Harlequin Shrimp (Hymenocera picta) are one of the coolest looking shrimp out there. They are a psychedelic whitish pink color splashed with purplish brown spots. They have flattened antennae and paddle shaped claws that appear almost leaf like. Each harlequin shrimp has their own unique pattern almost like a human fingerprint. No two are alike.
As with any marine invertebrate, Harlequin Shrimp require pristine water quality to thrive. They prefer a specific gravity of 1.023-1.026 and temperature between 76-78 degrees. They also like a tank with sufficient rubble rock with crevices and caves for them to hang out in during the day. They do better in pairs in a smaller species only tank since they tend to be shy and reclusive.
Harlequin Shrimp are considered to be reef safe, however, in reefs that include sea stars they will become lunch…it is just a matter of time! Harlequin shrimp are very unique because they feed exclusively on starfish which makes them rather difficult keep unless you have on hand a constant supply of starfish. In the wild, they dine on tube feet of linkia species sea stars, particularly the comet and blood spotted stars . In captivity it may take a few tries to find the type of starfish your harlequin shrimp prefers. Some acceptable starfish species to try include linkia stars, chocolate chip stars, sand sifting stars, fromia stars, and crown of thorn stars. While they can go a period of time without food they should be fed at least a starfish a month. Brittle stars are the one type of starfish that appear to get off the hook and are not of interest to the harlequin shrimp. That is most likely due to their ability to move fairly quickly and stay out of reach.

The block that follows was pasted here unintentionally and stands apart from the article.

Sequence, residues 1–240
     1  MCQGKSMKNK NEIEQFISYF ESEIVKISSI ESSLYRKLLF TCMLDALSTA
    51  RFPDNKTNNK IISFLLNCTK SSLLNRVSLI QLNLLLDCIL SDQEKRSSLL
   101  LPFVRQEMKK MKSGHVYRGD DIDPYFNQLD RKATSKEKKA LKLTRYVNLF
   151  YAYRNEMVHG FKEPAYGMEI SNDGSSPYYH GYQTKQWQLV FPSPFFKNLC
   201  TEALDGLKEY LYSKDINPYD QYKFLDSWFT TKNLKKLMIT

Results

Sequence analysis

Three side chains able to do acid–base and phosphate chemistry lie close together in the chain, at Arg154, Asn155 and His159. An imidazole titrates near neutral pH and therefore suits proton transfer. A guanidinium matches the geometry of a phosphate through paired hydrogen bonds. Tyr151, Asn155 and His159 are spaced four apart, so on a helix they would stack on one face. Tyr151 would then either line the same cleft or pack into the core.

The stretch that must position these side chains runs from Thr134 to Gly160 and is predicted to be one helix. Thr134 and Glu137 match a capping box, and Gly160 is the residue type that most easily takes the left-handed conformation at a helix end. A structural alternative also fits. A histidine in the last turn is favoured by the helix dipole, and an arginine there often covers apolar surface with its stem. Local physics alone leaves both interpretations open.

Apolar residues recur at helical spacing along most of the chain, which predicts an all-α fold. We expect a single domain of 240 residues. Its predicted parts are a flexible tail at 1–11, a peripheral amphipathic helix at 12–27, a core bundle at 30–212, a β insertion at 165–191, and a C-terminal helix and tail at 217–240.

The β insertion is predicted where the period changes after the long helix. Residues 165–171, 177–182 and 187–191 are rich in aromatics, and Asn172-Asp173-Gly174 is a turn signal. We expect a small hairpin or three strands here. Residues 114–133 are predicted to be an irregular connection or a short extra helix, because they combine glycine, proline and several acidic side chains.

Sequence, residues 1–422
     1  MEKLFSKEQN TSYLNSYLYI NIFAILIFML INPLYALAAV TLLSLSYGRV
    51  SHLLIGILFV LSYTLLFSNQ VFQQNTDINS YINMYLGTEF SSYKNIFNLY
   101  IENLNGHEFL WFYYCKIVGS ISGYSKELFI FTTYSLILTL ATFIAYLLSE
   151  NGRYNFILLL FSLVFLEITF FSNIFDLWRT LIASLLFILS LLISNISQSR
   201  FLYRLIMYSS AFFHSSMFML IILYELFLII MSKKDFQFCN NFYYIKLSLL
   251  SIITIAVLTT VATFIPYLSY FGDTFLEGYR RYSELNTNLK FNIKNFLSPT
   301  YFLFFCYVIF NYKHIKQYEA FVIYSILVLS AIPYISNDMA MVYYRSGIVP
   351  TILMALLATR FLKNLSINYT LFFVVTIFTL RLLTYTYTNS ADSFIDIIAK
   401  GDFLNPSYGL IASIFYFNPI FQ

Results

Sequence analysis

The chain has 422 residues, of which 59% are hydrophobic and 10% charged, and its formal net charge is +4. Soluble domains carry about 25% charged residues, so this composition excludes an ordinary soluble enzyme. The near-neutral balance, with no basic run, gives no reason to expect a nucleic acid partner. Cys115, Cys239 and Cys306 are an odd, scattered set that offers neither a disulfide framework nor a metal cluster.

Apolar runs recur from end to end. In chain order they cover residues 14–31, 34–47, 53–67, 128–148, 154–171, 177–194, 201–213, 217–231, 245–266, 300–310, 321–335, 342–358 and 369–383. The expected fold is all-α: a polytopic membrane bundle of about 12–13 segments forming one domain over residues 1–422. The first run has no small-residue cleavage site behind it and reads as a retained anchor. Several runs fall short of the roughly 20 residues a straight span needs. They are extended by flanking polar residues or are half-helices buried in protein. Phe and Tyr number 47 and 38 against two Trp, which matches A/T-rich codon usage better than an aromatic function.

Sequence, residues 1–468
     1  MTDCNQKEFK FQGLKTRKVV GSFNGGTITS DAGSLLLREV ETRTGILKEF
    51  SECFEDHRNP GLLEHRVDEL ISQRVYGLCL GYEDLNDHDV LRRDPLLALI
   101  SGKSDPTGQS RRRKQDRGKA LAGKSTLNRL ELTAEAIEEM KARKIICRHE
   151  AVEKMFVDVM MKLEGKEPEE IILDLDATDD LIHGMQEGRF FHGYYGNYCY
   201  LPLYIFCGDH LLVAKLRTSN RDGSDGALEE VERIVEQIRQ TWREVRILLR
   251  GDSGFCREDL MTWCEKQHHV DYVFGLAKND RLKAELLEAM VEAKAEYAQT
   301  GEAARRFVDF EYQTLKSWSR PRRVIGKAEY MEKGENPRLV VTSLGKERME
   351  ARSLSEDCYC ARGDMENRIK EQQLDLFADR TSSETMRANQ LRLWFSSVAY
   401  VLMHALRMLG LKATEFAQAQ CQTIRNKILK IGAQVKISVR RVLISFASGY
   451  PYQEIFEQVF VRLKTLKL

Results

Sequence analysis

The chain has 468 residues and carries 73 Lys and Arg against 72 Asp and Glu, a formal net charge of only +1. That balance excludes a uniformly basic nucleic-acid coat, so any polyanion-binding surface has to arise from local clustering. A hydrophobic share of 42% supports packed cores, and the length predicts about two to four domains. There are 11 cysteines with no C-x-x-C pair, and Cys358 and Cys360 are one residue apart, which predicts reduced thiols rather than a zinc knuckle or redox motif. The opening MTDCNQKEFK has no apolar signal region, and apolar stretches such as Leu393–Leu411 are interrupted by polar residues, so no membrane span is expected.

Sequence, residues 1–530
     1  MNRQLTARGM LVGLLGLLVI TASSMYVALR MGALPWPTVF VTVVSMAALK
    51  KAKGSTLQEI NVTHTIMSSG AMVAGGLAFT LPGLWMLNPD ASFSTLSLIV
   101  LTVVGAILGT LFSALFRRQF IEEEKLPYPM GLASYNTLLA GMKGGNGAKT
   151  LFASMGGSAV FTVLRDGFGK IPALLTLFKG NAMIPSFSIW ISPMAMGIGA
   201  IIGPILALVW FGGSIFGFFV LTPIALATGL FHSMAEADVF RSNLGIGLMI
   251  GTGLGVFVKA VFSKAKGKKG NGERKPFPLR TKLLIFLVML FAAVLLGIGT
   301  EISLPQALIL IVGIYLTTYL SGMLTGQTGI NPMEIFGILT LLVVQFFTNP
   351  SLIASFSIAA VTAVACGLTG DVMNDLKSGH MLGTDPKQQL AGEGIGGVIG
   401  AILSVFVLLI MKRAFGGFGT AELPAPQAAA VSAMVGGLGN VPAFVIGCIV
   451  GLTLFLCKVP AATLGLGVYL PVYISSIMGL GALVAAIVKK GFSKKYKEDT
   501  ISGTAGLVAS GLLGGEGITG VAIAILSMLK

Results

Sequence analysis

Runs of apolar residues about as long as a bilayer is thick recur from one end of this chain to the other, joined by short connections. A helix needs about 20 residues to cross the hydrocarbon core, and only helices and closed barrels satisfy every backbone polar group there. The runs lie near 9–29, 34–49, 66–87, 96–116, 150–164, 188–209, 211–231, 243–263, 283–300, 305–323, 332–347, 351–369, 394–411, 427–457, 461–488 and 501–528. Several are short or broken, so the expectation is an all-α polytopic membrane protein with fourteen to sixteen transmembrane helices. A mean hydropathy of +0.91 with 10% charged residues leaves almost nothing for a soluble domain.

So if you have a small tank and are willing to splurge for a few starfish every once and a while then a pair of harlequin shrimp just might be the cool little addition you have been looking for.
I hope you enjoyed my profile on the harlequin shrimp, until next time.